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Rolled Oats

Published February 2017

How we tested

We prefer rolled oats for baked goods, since their thin, flat shape gives cookies, bars, and toppings just the right amount of chew. In addition, they make good oatmeal relatively quickly. To find the best rolled oats, we rounded up five contenders and sampled each product as oatmeal (prepared according to package instructions) and in our recipe for Chewy Oatmeal Cookies (where we weighed the oats to ensure consistency).

In the oatmeal test, three products were nutty and hearty, but two were borderline unpalatable: one was too clumpy and dry, and the other was a gluey mass of goop. Worse, some tasters noticed a metallic, chemical taste in the gluey oats. Products that were mushy or parched in oatmeal made cookies that were a tad dense or dry. We were perplexed, too, by the appearance of cookies made with one “extra-thick” product; they spread into flat disks with crispy edges.

To find out why, we took a closer look at the oats. There wasn’t a noticeable difference when we examined the raw extra-thick oats next to standard rolled oats, but when we painstakingly counted out 100 oats from each product and weighed them on a lab-grade scale, it turned out that the extra-thick oats had about 1,114 oats per ounce, while our preferred products had an average of about 1,200 oats per ounce. That may not seem like a huge difference, but when you consider that there are 9 ounces of oats in our standard cookie recipe, that adds up to more than 700 fewer oats to soak up liquid and provide structure—it’s no wonder that cookies made with the extra-thick oats spread so thin.

Our new winner, Bob’s Red Mill Old Fashioned Rolled Oats, makes perfectly formed cookies and hearty, creamy oatmeal in about 10 minutes. 


Twenty-one America’s Test Kitchen staffers tasted five samples of rolled oats in two blind tastings—as oatmeal (cooked according to each package’s directions) and in our recipe for Classic Chewy Oatmeal Cookies. A team of editors also evaluated our top three products in Cowboy Cookies. We weighed 100 oats from each product and used the weight to calculate number of oats per ounce. Results from the tastings were averaged, and products appear in order of preference.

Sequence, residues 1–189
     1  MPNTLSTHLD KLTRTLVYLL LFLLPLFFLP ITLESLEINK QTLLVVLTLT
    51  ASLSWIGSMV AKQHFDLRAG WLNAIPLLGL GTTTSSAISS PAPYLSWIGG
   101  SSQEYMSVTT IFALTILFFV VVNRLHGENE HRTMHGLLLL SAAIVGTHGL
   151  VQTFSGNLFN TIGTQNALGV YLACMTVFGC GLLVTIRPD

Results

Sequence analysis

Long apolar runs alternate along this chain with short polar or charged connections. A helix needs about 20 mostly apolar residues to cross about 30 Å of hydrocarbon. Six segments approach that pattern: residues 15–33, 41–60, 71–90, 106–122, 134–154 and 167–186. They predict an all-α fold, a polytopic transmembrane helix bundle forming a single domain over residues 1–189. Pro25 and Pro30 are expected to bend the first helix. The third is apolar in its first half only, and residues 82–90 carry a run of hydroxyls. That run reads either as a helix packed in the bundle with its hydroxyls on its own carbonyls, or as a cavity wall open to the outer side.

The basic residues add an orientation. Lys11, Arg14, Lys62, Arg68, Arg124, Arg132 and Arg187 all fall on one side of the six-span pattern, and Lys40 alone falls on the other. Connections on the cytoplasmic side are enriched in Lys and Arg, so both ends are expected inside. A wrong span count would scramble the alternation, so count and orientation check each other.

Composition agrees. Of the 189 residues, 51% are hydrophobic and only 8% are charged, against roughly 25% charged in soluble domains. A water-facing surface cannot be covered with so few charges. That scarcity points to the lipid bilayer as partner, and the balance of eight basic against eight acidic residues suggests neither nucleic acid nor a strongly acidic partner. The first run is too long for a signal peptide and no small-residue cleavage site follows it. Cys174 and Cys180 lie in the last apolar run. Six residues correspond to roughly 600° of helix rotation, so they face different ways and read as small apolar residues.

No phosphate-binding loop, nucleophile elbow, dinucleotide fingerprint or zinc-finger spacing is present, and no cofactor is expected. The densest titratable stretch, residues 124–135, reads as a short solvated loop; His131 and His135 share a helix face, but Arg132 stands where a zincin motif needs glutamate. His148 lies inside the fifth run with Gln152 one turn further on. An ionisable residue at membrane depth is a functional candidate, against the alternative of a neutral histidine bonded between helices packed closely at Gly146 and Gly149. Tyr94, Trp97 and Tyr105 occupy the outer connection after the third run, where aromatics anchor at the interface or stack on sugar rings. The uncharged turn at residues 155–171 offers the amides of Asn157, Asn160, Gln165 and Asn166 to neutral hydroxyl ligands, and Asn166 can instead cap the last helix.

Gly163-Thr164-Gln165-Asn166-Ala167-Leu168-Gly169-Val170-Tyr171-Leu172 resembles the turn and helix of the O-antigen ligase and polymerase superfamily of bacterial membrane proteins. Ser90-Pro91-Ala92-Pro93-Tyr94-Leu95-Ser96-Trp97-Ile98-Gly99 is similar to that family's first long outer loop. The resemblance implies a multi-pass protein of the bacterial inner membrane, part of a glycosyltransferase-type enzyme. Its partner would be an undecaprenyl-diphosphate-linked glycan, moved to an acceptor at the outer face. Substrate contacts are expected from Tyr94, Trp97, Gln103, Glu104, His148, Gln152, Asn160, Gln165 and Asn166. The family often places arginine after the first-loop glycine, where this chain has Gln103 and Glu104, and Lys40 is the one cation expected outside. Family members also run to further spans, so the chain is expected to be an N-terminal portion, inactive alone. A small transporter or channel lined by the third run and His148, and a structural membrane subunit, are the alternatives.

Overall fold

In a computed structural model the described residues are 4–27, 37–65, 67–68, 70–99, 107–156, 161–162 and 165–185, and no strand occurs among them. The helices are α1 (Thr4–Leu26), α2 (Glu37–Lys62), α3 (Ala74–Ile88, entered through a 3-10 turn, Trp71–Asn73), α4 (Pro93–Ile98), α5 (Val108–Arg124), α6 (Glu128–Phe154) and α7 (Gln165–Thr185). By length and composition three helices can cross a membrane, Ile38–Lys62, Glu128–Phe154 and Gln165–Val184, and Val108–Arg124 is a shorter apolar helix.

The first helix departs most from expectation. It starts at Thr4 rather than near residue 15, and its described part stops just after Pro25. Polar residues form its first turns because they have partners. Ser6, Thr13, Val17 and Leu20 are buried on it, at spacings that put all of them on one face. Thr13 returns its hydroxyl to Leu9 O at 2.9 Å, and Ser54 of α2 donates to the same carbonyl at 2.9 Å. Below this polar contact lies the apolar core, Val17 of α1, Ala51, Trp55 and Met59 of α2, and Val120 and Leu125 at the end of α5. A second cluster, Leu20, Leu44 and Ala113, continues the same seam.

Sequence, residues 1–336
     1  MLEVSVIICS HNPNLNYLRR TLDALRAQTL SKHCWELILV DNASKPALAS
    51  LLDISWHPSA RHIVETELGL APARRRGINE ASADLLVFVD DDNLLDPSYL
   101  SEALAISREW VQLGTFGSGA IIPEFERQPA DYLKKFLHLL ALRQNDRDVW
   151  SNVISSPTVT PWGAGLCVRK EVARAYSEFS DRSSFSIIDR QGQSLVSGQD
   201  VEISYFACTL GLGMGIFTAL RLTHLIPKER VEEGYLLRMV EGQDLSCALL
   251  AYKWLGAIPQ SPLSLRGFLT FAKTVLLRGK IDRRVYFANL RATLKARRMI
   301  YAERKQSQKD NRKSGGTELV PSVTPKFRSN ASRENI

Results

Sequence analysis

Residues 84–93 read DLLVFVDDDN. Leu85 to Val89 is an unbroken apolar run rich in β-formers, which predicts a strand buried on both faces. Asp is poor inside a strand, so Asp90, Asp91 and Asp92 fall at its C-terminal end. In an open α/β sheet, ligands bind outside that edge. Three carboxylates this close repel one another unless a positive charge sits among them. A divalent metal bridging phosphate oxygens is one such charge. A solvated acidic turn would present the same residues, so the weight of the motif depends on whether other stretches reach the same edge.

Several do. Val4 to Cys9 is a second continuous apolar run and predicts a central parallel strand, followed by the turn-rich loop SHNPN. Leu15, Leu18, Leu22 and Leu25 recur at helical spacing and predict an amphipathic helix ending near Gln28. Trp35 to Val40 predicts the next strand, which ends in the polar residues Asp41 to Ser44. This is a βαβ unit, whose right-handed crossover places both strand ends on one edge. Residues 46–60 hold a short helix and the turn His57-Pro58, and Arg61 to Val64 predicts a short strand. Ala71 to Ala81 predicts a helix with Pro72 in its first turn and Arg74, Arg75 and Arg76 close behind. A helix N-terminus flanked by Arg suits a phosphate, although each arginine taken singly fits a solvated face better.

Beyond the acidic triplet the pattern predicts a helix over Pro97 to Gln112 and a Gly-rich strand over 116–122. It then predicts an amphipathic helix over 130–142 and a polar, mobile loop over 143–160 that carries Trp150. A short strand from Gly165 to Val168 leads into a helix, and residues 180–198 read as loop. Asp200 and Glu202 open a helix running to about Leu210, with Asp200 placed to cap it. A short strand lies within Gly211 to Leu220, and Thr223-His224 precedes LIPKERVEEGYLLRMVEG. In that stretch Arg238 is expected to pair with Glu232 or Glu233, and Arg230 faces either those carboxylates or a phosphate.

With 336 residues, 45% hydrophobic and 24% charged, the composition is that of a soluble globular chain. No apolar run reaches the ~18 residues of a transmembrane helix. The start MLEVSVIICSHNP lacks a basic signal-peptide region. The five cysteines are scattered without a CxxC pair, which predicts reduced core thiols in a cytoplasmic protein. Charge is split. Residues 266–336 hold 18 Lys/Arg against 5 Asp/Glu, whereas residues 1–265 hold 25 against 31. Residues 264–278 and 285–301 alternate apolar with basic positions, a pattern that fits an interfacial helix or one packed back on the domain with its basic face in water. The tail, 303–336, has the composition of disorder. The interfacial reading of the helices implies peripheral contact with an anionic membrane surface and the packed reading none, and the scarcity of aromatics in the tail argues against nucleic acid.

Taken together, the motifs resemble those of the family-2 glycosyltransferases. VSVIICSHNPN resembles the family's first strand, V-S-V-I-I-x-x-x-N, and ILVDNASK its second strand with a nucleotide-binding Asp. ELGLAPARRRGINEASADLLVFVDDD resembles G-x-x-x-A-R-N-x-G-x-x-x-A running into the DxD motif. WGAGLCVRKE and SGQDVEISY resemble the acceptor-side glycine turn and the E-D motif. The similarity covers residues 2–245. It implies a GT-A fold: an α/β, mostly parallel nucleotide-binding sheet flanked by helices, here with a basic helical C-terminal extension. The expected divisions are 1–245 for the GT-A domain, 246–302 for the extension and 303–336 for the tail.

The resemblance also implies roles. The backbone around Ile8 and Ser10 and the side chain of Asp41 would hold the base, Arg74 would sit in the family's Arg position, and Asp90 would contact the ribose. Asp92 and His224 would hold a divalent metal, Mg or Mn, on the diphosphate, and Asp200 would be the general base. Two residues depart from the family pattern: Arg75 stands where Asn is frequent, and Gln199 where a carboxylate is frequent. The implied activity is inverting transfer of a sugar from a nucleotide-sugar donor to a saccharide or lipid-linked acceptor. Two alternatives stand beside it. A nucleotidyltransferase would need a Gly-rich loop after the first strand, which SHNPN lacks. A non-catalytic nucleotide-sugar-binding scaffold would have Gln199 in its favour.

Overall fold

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The Results


Skippy Peanut Butter

In a contest that hinged on texture, tasters thought this "smooth, "creamy" sample was "swell" and gave it top honors, both plain and baked into cookies. Its rave reviews even compensated for a slightly "weak" nut flavor that didn't come through as well as that of other brands in the pungent satay sauce.

$2.39 for 16.3-oz. jar (15 cents per oz.)*

Jif Natural Peanut Butter Spread

The big favorite in satay sauce, this peanut butter's "dark, roasted flavor"—helped by the addition of molasses—stood out particularly well against the other heady ingredients, and it made cookies with "nice sweet-salty balance." Plus, as the top-rated palm oil-based sample, it was "creamy," "thick," and better emulsified than other "natural" contenders.

$2.29 for 18-oz. jar (13 cents per oz.)*

Reese's Peanut Butter

This is what peanut butter should be like, " declared one happy taster, noting specifically this product's "good," "thick" texture and "powerful peanut flavor." In satay sauce, however, some tasters felt that heavier body made for a "pasty" end result.

$2.59 for 18-oz. jar (14 cents per oz.)*

Skippy Natural Peanut Butter Spread

The only other palm oil-based peanut butter to make the "recommended" cut, this contender had a "looser" texture than its winning sibling but still won fans for being "super-smooth." Tasters thought it made an especially "well-balanced," "complex" peanut sauce.

$2.39 for 15-oz. jar (16 cents per oz.)*
Recommended with Reservations

Peanut Butter & Co. No-Stir Natural Smooth Operator

Though it says "no-stir" on the label, this "stiff" palm-oil enriched peanut butter was "weeping oil" and came across as "greasy" to some tasters. However, it turned out a respectable batch of cookies—"chewy in the center, crisp and short at the edge"—and made "perfectly good" satay sauce.

$4.49 for 18-oz. jar (25 cents per oz.)*

Maranatha Organic No Stir Peanut Butter

On the one hand, this organic peanut butter produced cookies that were "soft and sturdy" yet "moist," with "knockout peanut flavor." On the other hand, eating it straight from the jar was nearly impossible; its "loose," "liquid-y," and "dribbly" consistency had one taster wonder if it was "peanut soup."

$5.69 for 16-oz. jar (36 cents per oz.)*
Not Recommended

Smart Balance All Natural Rich Roast Peanut Butter

Besides being unpalatably "tacky" and "sludgy," this "natural" peanut butter suffered from an awful "fishy" flavor with a "weird acidic aftertaste" that tasters noted in all three applications. Our best guess as to the culprit? The inclusion of flax seed oil, an unsaturated fat that's highly susceptible to rancidity.

$3.59 for 16-oz. jar (22 cents per oz.)*

Smucker's Natural Peanut Butter

With its only additive a negligible amount of salt, the only truly natural peanut butter in the lineup elicited comments ranging from mild dissatisfaction ("needs enhancement with salt and sugar") to outright disgust ("slithery," "chalky," "inedible"). Cookies were "dry and crumbly" with a "hockey puck" texture, and the satay sauce was "stiff," "gritty," and "gloopy."

$2.69 for 16-oz. jar (17 cents per oz.)*